Op-Ed: State's Hillen Calls Export Controls First Defense In Denying Deadly Weapons
(Source: US State Department; issued July 3, 2006)
The following op-ed by Assistant Secretary of State for Political-Military Affairs John Hillen was first published in the July 3 edition of The Baltimore Sun.


Last year -- a day after the fourth anniversary of 9/11 -- a U.S. District Court sentenced Hemant Lakhani, a foreign arms dealer, to 47 years in prison for attempting to broker shoulder-fired anti-aircraft missiles to the purported representative of a Somali terrorist group.

His client was, in fact, an FBI informant who had videotaped Mr. Lekhani recommending the missiles be used -- "50 at one time, simultaneously" -- to bring down commercial airliners in cities across the United States.

Mr. Lakhani's conviction is just one of many recent successes that are the result of international cooperation to apprehend and prosecute individuals who illegally traffic in small arms and light weapons. Yet the Lakhani case is also a stark reminder, for every country, of the danger of weapons falling into the wrong hands.

The ready availability of military-grade small weapons to weak and failing states, terrorists, organized crime rings and drug traffickers threatens lives and social stability in every corner of the world.

The United States has joined 150 other countries at the 2006 U.N. Small Arms Review Conference under way in New York since Tuesday [June 27]. Representatives are evaluating progress made in a program adopted in 2001 that aims to end the illicit weapons trade and suggest methods for improved implementation at national and international levels. The United States will make the case that its laws, practices and enforcement procedures are effective models other nations should follow.

An essential element of the success of the U.S. program is its export control laws and regulations. These laws are internationally recognized as the most robust and effective in the world. Export controls are the first line of defense in denying our enemies the access to the weapons they would turn against us.

Consider what's at stake. One of the most deadly light weapons is also one of the easiest to transport and conceal: the shoulder-fired anti-aircraft missiles known as MANPADS, for man-portable air defense systems. The size and weight of a full golf bag, these weapons have taken down 25 civilian aircraft since 1978 and have been responsible for over 600 deaths. With tens of thousands of daily commercial flights in the United States alone, preventing the proliferation of these weapons is of vital importance. The most effective way to do this is at the point of transfer.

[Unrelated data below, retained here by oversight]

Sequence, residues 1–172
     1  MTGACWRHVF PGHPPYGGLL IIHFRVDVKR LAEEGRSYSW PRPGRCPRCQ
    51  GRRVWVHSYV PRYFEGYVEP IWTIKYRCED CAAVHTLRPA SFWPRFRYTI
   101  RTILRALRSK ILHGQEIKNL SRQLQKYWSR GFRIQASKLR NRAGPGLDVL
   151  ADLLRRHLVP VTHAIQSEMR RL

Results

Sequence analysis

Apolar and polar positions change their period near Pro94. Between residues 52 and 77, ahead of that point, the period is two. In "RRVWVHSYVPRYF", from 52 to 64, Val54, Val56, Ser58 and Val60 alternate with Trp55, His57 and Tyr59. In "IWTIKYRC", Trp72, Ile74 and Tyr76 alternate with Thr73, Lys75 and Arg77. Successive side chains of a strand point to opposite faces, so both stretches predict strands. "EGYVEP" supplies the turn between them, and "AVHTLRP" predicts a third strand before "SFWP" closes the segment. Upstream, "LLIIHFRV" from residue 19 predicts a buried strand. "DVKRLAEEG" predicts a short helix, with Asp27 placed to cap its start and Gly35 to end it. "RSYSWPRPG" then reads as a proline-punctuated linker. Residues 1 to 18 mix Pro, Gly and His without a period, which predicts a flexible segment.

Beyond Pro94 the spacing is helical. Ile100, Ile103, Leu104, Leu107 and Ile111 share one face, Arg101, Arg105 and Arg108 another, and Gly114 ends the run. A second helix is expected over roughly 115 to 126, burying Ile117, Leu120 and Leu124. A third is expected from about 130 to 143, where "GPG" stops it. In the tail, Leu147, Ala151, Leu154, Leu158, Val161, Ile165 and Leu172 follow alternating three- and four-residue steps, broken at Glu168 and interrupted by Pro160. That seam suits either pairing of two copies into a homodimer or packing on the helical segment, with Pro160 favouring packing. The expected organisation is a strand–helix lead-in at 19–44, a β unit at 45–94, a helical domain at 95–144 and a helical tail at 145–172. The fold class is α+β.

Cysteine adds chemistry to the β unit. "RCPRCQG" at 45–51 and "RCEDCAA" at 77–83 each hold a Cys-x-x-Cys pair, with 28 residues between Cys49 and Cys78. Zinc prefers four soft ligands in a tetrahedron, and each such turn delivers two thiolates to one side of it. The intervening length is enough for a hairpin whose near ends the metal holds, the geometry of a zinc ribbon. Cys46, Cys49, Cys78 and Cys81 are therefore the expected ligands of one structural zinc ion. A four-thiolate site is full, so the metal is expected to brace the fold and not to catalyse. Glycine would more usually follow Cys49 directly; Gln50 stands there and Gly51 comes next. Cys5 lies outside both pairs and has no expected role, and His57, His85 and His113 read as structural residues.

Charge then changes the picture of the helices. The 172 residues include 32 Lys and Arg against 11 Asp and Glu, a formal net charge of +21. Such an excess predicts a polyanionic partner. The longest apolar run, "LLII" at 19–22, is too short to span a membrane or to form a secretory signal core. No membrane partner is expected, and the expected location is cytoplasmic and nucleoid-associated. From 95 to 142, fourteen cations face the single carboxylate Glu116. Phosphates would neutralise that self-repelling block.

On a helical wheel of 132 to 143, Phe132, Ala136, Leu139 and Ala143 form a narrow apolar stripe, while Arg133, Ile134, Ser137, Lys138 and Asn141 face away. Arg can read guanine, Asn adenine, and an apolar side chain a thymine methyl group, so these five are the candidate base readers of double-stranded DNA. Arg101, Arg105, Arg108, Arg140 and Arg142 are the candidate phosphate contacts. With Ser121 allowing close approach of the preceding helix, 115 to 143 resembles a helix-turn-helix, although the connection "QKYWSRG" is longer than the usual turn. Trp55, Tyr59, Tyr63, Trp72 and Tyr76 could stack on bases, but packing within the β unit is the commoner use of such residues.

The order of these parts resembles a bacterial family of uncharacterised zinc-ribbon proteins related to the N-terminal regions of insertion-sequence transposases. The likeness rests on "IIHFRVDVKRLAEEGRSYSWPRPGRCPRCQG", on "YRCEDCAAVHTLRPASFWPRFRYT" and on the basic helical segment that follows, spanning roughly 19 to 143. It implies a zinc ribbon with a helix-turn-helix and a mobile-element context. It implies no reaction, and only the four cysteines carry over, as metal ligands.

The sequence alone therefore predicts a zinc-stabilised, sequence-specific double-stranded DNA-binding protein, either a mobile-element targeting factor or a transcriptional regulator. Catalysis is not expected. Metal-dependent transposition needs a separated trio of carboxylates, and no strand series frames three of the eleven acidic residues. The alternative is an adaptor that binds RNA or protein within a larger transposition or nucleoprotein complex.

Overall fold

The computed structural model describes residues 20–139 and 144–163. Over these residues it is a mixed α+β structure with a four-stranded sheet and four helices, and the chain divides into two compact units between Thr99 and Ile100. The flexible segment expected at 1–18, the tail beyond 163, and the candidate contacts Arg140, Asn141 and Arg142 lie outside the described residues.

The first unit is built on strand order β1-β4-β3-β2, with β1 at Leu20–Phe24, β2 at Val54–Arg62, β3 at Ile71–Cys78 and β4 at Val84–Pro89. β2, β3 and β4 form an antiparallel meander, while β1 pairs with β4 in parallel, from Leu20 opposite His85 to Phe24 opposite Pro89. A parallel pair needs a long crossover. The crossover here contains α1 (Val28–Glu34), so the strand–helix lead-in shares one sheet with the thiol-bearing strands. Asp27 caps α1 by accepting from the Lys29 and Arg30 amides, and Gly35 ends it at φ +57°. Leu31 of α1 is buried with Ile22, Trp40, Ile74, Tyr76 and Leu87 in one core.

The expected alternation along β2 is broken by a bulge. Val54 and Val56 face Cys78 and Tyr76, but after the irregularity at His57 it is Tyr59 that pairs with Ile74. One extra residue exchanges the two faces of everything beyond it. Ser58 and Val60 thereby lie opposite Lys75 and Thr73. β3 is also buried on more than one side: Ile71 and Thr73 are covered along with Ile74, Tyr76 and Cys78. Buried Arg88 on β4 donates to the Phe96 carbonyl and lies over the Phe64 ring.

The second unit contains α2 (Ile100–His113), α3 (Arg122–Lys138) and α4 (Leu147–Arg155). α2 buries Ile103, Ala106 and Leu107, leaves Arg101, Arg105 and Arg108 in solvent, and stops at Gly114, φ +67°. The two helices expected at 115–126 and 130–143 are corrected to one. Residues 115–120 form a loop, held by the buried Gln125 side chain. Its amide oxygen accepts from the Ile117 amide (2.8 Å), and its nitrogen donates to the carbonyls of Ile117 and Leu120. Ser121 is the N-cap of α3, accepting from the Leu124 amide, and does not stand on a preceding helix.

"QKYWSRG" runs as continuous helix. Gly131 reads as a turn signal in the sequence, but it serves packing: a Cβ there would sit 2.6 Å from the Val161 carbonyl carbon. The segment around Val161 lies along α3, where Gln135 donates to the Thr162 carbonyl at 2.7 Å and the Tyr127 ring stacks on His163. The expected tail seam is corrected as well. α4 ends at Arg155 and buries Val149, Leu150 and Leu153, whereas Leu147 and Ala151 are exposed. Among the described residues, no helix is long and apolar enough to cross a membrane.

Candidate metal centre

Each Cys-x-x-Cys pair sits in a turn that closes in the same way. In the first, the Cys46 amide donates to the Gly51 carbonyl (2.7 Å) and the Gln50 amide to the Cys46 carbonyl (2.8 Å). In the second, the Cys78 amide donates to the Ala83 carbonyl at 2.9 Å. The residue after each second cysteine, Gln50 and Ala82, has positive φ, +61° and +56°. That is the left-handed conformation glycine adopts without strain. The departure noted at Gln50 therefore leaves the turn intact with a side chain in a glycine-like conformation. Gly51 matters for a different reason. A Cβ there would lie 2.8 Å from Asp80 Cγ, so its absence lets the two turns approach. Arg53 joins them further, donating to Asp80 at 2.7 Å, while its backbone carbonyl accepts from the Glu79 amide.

The United States sets the gold standard for export control. Over half a century ago, Congress legislated a cradle-to-grave approach to weaponry in which government agencies follow each piece through its life cycle, from manufacturing and brokerage through export and retransfer.

The United States is one of only a small number of countries that continue to assert jurisdiction over manufactured arms even after they have been exported. Foreign buyers must obtain U.S. approval before retransferring such articles, and all parties in every transaction are checked against a list with more than 100,000 names of suspect companies and individuals. These policies help ensure that our equipment is delivered to the right people in the right places for the right purpose.

Our enforcement efforts give these laws teeth. U.S. agencies vigorously investigate, pursue and prosecute violators, who are subject to stiff penalties of up to 10 years in prison and $1 million per conviction.

Some U.N. members wish to use this conference to broaden the program to include prohibitions against ammunition and explosives and to impose restrictions against lawful civilian ownership of light weapons. The United States sees little to be gained in reopening the document for negotiation.

It is imperative that we remain focused on fulfilling the obligations made in 2001 without diverting our attention to revisiting old debates or addressing issues that are tangential to our main purpose: to prevent, combat and eradicate dangerous weapons in the hands of dangerous men.

Instead, nations should summon the political will to fully enforce all provisions of the current document. Unfortunately, many countries have not yet done so. The International Action Network on Small Arms lists the United States as one of only 16 countries to have achieved full compliance on all laws and procedures related to the program.

We won't see a meaningful reduction in illicit small arms trade until all countries adapt responsible export control laws and they are enforced consistently -- everywhere, every time.


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